* Here we are, a mere two weeks from Imbolc. I can see a definite difference in the amount of daylight we get, a lessening of the Winter character of the darkness that envelops me when I wake up for my morning meditation. Can you sense the shift?
* Speaking of meditation, there’s more good news about what happens when you do it.
[T]hose who practice mindfulness can change their brains—in how they make decisions, stay focused, and respond to emotional triggers. It’s something that science columnist Sharon Begley explores in Mindful magazine: how mind training can strengthen the brain circuitry that supports emotional resilience.
But how long before we see enduring results?
“The structure of the brain can change in 1.5 hours of practice,” renowned neuroscientist Richie Davidson said at the Train Your Brain webcast in New York City in the fall. “Really short amounts can make a difference.”
Which is good to know. Some mornings, I have lots of time for my daily practice. And some mornings, I’m carving out time that I really don’t have, and don’t get to spend as much time as I’d prefer. Is it like that for you?
hat tip: Arlington Personal Fitness
* The latest issue of Witches and Pagans should be on your doorstep, or in your bookstore, any day now. If you haven’t yet read Anne’s opening statement, you should. Here’s a taste:
Back when I was a newbie Pagan, I fell for the Pagan trope that “witches are just harmless nature worshippers unjustly maligned by the patriarchy.” But I’ve learned better, and today I say proudly: “harmless witches? What a load of hooey!”
I understand the motives for this decades-long whitewashing campaign: after all, nobody enjoys being rounded up and burnt at the stake. The tactic is even relatively sound for avoiding persecution in a secular and materialist culture. Nobody strings up a covey of harmless eccentrics, and that’s how we’ve been promoting ourselves for some time.
But there’s three serious problems implicit in this “friendly-up witchcraft” public relations project.
The term “witch” is not a religious designation: it’s a vocational one. There’s a reason that the classic phrase is “what witches do,” not “what witches believe.” Clearly, there is this little problem of the disconnect between the outrageous powers attributed to legendary witches (and further juiced-up in Hollywood depictions) and the subtle arts practiced by the likes of you and me. But I will be blunt: take away a witch’s use of magick, divination, and any and all associated mystic arts, and you might as well call yourself a Unitarian.3
Wicca and witchcraft are two different things. This has gotten terribly confusing in the sixty+ years since Wicca’s founders brought English magick out of the shadows. But it’s quite simple: Gardner created — or co-created, with Doreen Valiente (and maybe the help of English traditional witches) — a modern, nature-based mystery religion, complete with theology, rituals, ethics, and all that goes with an organized religion. However, Gardner did not create witchcraft, as the magickal arts have been traced back to the ancient civilizations of Sumer and Babylon. Witchcraft — the use of magick as a functional art — is a fundamental part of human cultures from the earliest to the modern.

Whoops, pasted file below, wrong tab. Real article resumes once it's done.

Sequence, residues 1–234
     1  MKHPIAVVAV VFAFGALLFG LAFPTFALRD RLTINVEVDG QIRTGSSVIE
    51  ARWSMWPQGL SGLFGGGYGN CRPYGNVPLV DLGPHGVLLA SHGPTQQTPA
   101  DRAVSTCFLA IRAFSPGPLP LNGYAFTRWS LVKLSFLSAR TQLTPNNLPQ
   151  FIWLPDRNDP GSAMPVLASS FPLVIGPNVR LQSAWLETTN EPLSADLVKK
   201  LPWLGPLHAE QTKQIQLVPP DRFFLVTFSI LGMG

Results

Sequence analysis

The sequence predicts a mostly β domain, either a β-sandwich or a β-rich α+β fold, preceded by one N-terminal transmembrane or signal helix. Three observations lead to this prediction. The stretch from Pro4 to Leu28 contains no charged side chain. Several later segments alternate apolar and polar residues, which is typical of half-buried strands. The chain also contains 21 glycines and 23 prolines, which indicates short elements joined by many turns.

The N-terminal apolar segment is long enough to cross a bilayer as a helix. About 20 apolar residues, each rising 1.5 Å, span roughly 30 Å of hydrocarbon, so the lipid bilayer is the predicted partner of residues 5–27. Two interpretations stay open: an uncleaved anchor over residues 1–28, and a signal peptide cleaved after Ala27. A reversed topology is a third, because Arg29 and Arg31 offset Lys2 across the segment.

Perhaps most importantly: When we renounce our power, we destroy our identities as witches. The primary reason that people have persecuted “witches” over the millennia is because they are afraid of them. Why? Because they believe that the witches have power. But remember that old adage: “if you cannot hex, you cannot heal.” There’s a logical inconsistency in putting out the idea that witches are harmless, and then expecting to do efficacious magick. If we, as witches, claim to be able to heal, offer counsel (using divination) or perform any of the magickal arts, we cannot also assert that there is no reason to fear us. That’s like saying you are a karate black belt, and not expecting people to think twice before they start a bar-room brawl with you.
So, why do we put that great big bulls-eye on our backs? I can only answer for myself. I say, with pride, “I am a witch.” What I mean is: “I claim my own power, I am not afraid to seek knowledge, and I will use what I discover in service of me and mine: my family, my community, and my planet.” By claiming witchhood I am not trying to scare anyone: but I do have to expect to encounter disdain, disbelief, and, upon occasion, fear and hostility. If I wanted to kneel down before gods and men, and to be thought of as “harmless as a dove” I wouldn’t use the “w” word.
There’s also a discourse on what “Witch” means to me.
* Baby, it’s cold outside.
* It’s complicated, but if your deity needs you to “avenge” it against something other humans do, you need to reconsider whether you’re listening to deity or your own insecurities. Monotheism. It’s a problem.
Hat tip: stoat
Picture found here.